During my MA, there was a class where we consulted theories about groups and the different roles that emerged during team projects. This made me think of the Clayhill Crew and whether you could apply similar theories to friendship groups. In particular, I thought of Ned, who I felt shaped the group more than any other person. I wondered if the rest of us would have even met at all, had he not been proactive- and brave- in introducing himself, introducing others, and suggesting things to do in those early days. He had a phrase that went “You just gotta make it happen,” which I feel encapsulates the role he played so well, as he always set things in motion. That was so important in the first few weeks. I know from my own experience, there can be a sense of inertia as you’re hoping to connect with people but you’re not sure how. You don’t know how to be yourself around these new faces, and you’re worried that being yourself is the wrong decision. But Ned had that easy way about him where he was able to be himself around total strangers, approaching people at random- as he did myself- and trusting that the connection would work. This made me wonder, especially in the context of London seemingly being an interlude in his story, how the rest of the group would remember him in years to come. Some of them are now living together, have become the very best of friends, have met important people through each other, have discovered all kinds of opportunities- personal and professional- via each other. I wandered then, if they ever traced it back to Ned.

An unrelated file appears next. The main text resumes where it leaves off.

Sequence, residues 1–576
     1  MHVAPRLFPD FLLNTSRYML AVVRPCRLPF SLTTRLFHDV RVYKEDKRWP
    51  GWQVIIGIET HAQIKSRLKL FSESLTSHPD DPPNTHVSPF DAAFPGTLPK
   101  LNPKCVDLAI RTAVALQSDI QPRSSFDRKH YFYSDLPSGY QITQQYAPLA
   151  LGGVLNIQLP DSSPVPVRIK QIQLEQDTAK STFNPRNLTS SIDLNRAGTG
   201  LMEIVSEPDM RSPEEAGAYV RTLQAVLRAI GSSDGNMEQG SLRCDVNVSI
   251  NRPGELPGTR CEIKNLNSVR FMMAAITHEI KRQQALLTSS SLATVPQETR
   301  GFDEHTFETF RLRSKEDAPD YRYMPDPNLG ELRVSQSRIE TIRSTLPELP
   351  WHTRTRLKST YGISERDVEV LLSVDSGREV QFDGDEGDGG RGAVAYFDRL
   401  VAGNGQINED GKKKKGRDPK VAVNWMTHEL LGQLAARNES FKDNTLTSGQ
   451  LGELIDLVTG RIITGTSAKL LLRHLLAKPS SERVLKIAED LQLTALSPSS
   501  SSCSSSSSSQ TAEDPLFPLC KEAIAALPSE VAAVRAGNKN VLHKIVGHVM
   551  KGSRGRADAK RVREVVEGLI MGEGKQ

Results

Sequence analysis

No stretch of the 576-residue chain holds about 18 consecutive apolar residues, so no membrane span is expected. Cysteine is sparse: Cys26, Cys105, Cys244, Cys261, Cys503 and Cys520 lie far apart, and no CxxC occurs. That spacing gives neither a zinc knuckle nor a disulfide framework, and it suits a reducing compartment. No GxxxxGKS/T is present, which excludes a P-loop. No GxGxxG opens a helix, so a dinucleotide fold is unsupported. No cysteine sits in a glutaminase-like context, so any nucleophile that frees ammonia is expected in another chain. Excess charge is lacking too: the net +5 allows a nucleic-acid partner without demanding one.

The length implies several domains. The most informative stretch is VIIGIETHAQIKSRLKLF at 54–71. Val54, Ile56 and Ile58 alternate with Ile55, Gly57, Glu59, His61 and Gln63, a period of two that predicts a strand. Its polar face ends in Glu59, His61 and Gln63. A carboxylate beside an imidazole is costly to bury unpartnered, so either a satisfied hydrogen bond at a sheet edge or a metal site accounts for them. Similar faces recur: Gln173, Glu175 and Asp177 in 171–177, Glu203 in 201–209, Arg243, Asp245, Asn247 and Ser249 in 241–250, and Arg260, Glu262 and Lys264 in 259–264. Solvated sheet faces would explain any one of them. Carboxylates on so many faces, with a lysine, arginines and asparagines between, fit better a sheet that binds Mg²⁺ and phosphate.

I imagined a future scenario, perhaps a couple years hence, where someone that’s new to London- and feeling overwhelmed, lonesome, and vulnerable- gets taken in by the remnants of The Clayhill Crew one evening via a chance encounter. They spend the night drinking together. The newcomer enjoys the way they take the piss out of each other, and for the first time since arriving to the city, they don’t feel alone. Towards the end of the evening, the newcomer asks them how they all know each other. The group pauses for a moment; Mason takes a long, philosophical drag from a watermelon vape, Paul finishes the last of his Thatcher’s Gold- what do they think? I like to imagine that they picture Ned, clapping his hands on his thighs and telling them to “Crack on,” in his no-nonsense Yorkshire manner. He’s the character in their story that appears for a brief time to set them on the right path and give them what they need. During this pause, the newcomer can sense a deep history that connects them, stretching back to a time where they too were newcomers of a kind.
I suppose if I knew what the future held, none of this would be so interesting to me. But I’m constantly drawn to these imaginative exercises (the Clayhill Crew just being one example) where I like to consider how the same people, places, and events are perceived by the people I share them with- and the narrative power they attach to them.